Direct Stream Digital Audio

The SEA process -- why develop a system to transform PCM to DSD?

The SEA process -- why develop a system to transform PCM to DSD?


Systems for Exceptional Audio or SEA is a process that takes any ordinary file and transforms it through an analog process to DSD256. Joke about the acronyms all you want, but in the studio, life is easier when we have defined process that can be uttered with one word. That then transfers to the music buyer to ensure what they've purchased. If you've optimized your playback system for DSD256 or DSD128 you'll know why the SEA process is important. If you don't listen to DSD, then stop reading here. If you can't hear the difference in file types, you can probably stop reading as well. If you don't care, well then, you're probably not this reading anyway.

Before you read any farther, I want to reinforce that no where in the audio recording chain does the quality matter more than in the recording. The recording sets the tone for all the processes between that eventually lead to the listener. A bad sounding recording can be made on DSD, PCM or tape and few processes can fix the damage done if not recorded properly. That said, improvements can be made along the chain during mixing, mastering or remastering. This is especially important if a great musical event was captured for release to the public. "Fix it in the mix" or "Fix it in mastering" are phrases often joked about but true.

Let's assume you have a great recording made to mp3 or 44.1.. could it have been better if recorded in DSD? Yes. If given a choice between the same recording made at 44.1 or DSD I would choose to work with the DSD file. Not all engineers have access to DSD gear or understand how to use it... a sad reality.

More and more there is a demand for DSD audio files by the consumers. Customers are continually asking for DSD files and wondering why more recordings aren't made in DSD. The short answer is -- DSD is not easy to work with and the devices available to record on are expensive. The files are huge and require particular care which I'll reserve for another article. PCM digital recording has been embedded and so widely adopted that there is little reason for engineers to strive for better quality sound if the majority of the public doesn't demand it.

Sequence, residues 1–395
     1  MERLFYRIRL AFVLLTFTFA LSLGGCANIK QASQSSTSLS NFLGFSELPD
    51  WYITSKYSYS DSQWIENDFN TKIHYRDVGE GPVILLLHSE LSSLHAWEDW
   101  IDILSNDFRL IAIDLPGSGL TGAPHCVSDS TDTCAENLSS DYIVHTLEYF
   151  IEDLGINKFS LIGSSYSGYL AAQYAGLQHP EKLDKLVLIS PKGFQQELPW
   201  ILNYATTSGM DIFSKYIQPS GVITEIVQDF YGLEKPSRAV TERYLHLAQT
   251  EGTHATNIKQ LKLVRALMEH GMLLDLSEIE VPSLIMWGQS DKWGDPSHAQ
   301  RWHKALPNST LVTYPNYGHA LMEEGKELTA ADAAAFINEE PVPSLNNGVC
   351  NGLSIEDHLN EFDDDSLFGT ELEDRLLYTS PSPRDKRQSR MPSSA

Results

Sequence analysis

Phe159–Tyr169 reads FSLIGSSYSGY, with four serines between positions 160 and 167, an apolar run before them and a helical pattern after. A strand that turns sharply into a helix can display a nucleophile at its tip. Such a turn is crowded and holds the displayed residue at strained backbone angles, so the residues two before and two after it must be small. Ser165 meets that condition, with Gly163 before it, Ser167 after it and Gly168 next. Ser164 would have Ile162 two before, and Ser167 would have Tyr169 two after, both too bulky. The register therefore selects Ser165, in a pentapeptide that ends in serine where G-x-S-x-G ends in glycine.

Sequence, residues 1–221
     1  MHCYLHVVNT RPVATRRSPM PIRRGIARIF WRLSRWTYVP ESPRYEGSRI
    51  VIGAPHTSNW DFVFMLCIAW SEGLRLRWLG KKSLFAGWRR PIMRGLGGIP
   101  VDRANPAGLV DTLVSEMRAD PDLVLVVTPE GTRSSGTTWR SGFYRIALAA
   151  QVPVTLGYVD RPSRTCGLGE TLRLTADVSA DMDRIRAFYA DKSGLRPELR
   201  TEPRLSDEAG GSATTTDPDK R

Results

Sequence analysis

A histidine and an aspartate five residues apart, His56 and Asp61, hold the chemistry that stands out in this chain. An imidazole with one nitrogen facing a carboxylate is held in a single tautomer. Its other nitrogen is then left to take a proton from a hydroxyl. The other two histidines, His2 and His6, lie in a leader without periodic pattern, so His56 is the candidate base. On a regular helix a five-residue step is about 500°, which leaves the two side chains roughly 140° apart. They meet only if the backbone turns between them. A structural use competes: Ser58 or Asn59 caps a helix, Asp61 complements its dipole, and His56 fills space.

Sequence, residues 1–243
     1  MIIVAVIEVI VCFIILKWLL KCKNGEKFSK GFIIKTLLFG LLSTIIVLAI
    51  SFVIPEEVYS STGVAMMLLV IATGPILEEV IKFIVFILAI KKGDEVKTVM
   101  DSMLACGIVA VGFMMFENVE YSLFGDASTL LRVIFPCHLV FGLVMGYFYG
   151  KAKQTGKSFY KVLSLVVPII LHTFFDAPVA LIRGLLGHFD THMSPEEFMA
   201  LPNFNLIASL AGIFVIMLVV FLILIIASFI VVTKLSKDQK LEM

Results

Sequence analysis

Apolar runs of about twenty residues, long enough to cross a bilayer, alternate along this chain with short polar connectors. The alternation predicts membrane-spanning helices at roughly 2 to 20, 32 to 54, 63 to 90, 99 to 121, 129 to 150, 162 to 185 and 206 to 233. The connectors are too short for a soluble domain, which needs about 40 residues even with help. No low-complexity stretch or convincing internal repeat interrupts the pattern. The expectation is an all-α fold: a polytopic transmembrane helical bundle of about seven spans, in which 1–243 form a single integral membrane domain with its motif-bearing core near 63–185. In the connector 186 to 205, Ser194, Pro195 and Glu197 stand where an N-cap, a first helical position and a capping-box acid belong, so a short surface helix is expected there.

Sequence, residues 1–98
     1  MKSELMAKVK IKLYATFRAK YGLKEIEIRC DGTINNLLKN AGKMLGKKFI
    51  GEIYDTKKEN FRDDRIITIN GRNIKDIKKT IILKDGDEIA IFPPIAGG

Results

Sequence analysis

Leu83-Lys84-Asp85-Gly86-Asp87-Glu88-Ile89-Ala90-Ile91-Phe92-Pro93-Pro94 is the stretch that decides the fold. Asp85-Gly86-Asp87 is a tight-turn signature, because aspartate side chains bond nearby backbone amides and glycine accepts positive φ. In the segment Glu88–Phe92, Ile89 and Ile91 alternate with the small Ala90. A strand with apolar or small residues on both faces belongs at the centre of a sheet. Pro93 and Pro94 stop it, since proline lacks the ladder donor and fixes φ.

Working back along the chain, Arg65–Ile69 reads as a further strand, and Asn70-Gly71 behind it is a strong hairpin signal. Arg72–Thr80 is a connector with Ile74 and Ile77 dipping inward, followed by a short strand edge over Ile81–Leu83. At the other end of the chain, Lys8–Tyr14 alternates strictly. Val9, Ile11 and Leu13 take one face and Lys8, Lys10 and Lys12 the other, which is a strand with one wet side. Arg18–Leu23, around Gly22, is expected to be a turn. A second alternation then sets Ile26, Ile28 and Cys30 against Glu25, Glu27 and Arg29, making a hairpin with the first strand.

And maybe the saddest fact is that many professional audio engineers seem less able to hear the differences between 44.1 and DSD. I have had countless experiences where respected technicians and mastering engineers have told me they feel 1/2 db difference is inaudible. Not true. I expect and train my staff to hear 1/10th of a db and we routinely test for it. Not all engineers feel as I do about this, but personally, I wouldn't work with an engineer who couldn't hear a 1/2 db difference. Those engineers touting "you can't hear a difference" are just plain wrong and should consider another occupation. I find it careless when an engineer says, "Most people can't hear a difference". Just because some can't, doesn't mean all can't. Those of us who listen and do hear a difference matter, even if we're in the minority.

So what does that mean for the audiophile who does care and wants DSD audio in their home?

First of all, we're not going to change the habits of recording engineers who have their systems developed around PCM and plugins. We are going to receive an overwhelming number of files for distribution that are PCM based. To meet the demands of our music loving buyers who want DSD256, we've created a proprietary process called SEA and use the Audiophile Edition logo on those albums we've transformed in our analog process.

The Recording Academy (NARAS) who has been influential setting standards agrees that mastering or remastering a file that is not high resolution to DSD or HD audio creates a new file that can be considered the resolution it was remastered at. But this alone was not enough for us. We needed to know that what we were doing created differences that improve the sound over a simple digital conversion.

Sure enough, remastering through our SEA analog process, we can demonstrate that dynamics can be slightly increased and images widened. Of course, it's better to have recorded, mixed or mastered to DSD, but this is a last chance solution for an album to become DSD without drastically changing the sound. In fact, the only difference an artist might hear in their own album is a slightly lower volume overall in order to accommodate the increased dynamics. For today's streaming playback systems, this is an improvement as well. For those with DSD256 or 128 playback systems, you'll soon have a greater choice of music for your collections.

For those of you who can't hear a difference and would like to learn how to, there is an article for setting up a comparative listening test here.

Enjoy your music!

Cookie Marenco
Blue Coast Records and Music